Tuesday, November 27, 2012

Stock Refuge House's Pantry Party - Easy Ways to Help!

We heard from our sister Danielle at Refuge House that the pantry at the emergency shelter is very busy AND the pantry is running very low. Below you will a few food bag ideas:  Please consider those less fortunate who need our assistance. On your next trip to the grocery store pack a bag or two just for Refuge House. You can call Refuge House at (850) 922-6062 to arrange a drop off point.


Every Day Paper Bag                                                
1-(16oz) any dry pasta
1-jar of pasta sauce
1-(8oz) rice
1-box of cereal
1-box of shake-n-bake
1-container of applesauce
2-cans of soup
1-can of corn
1-can of mixed vegetables
1-can of tuna

Must Have Paper Bag
1-box of trash bags (33 or 66 gallons)
1-2lb bag of flour
1-2lb+ bag of sugar
1-box of mashed potatoes
2-boxes of variety snacks
1-bag of dried beans

Wish I Had Paper Bag
1-bottle of dish detergent
1-paper towel set
1-bottle of aspirin/ibuprofen
1-bottle of each adult & children cold medicine
Good for You Paper Bag
1-gallon of juice
1-bag of maseca masa (to make tortillas)
2-cans of fruit
2-cans of beans
1-can of green bean
1-snack pack of raisins
Can’t live Without Paper Bag
 1-package of diapers (sizes 4, 5 & 6)
1-package of pads & tampons
2-cans of disinfectant (Lysol)
1-package of toilet paper

Let’s Clean Paper Bag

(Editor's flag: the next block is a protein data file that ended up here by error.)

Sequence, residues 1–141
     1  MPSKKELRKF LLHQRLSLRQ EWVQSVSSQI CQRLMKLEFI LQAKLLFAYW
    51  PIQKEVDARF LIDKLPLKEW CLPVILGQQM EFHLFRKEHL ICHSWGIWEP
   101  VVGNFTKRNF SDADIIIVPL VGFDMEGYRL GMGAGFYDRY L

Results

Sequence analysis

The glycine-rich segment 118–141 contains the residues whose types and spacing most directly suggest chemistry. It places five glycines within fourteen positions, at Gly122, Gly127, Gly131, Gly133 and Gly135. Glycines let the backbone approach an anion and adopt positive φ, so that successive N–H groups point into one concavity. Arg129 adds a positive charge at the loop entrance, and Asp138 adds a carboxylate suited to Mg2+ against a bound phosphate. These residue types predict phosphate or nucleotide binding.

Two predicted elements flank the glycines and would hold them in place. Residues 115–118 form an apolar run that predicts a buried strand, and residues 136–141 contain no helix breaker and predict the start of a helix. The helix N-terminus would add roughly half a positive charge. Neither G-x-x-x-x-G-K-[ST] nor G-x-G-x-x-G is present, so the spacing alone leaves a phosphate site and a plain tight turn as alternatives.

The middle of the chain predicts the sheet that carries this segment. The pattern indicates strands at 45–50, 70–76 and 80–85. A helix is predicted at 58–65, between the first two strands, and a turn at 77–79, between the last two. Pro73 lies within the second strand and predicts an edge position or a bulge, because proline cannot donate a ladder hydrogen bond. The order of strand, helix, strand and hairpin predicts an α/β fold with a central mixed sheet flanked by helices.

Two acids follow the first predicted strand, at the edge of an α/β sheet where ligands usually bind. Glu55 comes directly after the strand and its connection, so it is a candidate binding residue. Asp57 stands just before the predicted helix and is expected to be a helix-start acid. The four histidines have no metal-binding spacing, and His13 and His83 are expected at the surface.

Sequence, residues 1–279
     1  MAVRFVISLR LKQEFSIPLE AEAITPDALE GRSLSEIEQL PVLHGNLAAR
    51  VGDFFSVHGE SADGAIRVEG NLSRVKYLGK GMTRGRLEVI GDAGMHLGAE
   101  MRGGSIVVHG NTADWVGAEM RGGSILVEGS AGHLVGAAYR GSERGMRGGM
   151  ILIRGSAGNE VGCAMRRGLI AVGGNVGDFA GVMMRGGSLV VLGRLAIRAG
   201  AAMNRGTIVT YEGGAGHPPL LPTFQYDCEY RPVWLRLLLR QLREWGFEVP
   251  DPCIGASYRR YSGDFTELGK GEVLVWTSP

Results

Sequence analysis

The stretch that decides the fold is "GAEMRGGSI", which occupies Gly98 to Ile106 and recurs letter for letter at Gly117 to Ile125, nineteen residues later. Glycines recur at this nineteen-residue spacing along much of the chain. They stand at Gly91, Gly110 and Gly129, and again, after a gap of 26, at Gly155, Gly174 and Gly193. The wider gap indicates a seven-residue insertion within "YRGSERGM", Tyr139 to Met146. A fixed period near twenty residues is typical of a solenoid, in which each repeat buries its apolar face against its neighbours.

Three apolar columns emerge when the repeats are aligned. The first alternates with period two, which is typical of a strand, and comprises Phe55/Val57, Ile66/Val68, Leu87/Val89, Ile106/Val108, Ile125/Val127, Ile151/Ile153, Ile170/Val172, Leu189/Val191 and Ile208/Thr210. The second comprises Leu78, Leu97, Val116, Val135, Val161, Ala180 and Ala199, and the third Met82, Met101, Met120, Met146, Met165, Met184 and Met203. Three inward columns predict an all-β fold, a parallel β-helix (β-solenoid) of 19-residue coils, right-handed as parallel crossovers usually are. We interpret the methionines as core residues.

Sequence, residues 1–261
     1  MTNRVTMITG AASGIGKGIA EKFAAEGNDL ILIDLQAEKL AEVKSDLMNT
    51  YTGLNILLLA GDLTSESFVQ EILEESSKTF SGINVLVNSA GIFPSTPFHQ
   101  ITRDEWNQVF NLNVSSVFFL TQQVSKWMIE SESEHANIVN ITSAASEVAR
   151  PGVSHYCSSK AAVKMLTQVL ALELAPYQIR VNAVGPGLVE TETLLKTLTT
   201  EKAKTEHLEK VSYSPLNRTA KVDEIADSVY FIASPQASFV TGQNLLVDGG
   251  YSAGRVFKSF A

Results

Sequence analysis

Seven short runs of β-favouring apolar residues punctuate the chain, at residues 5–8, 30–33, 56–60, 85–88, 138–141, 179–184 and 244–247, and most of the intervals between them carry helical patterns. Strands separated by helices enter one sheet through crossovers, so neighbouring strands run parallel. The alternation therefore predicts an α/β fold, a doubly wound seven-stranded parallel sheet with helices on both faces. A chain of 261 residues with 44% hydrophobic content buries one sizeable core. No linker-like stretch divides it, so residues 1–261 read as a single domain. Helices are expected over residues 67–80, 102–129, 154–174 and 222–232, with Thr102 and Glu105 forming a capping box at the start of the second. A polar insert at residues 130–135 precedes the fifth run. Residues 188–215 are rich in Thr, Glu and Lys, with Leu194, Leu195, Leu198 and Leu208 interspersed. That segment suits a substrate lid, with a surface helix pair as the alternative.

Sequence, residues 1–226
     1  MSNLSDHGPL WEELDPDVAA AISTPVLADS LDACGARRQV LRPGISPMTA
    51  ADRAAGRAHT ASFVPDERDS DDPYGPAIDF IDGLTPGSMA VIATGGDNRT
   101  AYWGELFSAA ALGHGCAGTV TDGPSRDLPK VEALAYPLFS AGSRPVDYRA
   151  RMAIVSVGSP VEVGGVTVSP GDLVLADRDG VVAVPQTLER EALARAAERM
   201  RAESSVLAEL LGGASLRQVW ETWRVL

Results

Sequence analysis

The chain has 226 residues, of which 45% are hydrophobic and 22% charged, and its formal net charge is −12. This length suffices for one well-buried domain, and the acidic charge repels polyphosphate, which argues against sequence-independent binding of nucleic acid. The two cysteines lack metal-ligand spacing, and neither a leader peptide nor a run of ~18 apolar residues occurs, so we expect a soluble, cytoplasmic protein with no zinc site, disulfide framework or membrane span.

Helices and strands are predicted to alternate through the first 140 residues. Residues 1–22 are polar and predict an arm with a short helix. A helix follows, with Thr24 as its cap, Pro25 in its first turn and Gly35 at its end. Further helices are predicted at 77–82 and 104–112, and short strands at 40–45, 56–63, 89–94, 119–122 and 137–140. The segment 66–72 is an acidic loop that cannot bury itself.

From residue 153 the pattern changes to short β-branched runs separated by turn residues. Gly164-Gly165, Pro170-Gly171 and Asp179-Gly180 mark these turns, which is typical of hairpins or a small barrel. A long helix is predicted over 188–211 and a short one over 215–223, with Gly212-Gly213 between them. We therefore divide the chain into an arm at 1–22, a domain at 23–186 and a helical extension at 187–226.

1-gallon of bleach
1-container of laundry detergent
1-bottle of hand soap
1-bottle of multipurpose cleaner

Monday, November 26, 2012

Domestic Violence in Florda

We were so busy in October we missed posting about Domestic Violence Awareness Month (DVA and DVAM), but sadly, DV happens year, so we want to make YOU aware of it and what you can do.

Two articles from Florida papers:

Domestic violence can happen to anyone, victim tells Clearwater students

By Danielle Paquette, Times Staff Writer
In Print: Friday, November 2, 2012

CLEARWATER — The young woman who survived 32 stab wounds, a stroke, a slashed voice box and a broken heart kept repeating the same four words: I'm just like you.
Before a crowd of Countryside High School students early Thursday, Melissa Dohme, 20, described the night police say her high school sweetheart, the love of her life, tried to kill her.

I'm just like you.

Before he was accused by police of knifing her hands, head and throat Jan. 24 near Clearwater's Crest Lake Park, before he was charged with attempted first-degree murder, Robert Lee Burton Jr. kissed Melissa by her locker, took her to prom, sent her wake-up texts: "Good morning, beautiful."

I'm just like you.

Some students in the Media Center Thursday began to cry. Everyone was silent.

Anna Savchuk, 16, thought of her cousin and inwardly gave thanks. The cousin dated a controlling guy, once — a guy who slapped and punched her. After pleading from friends and family, she ended it two months ago.

Sure, Anna had been worried. But she never considered the relationship truly life-threatening. She didn't think someone so young, bright and well-off could be a victim of domestic violence.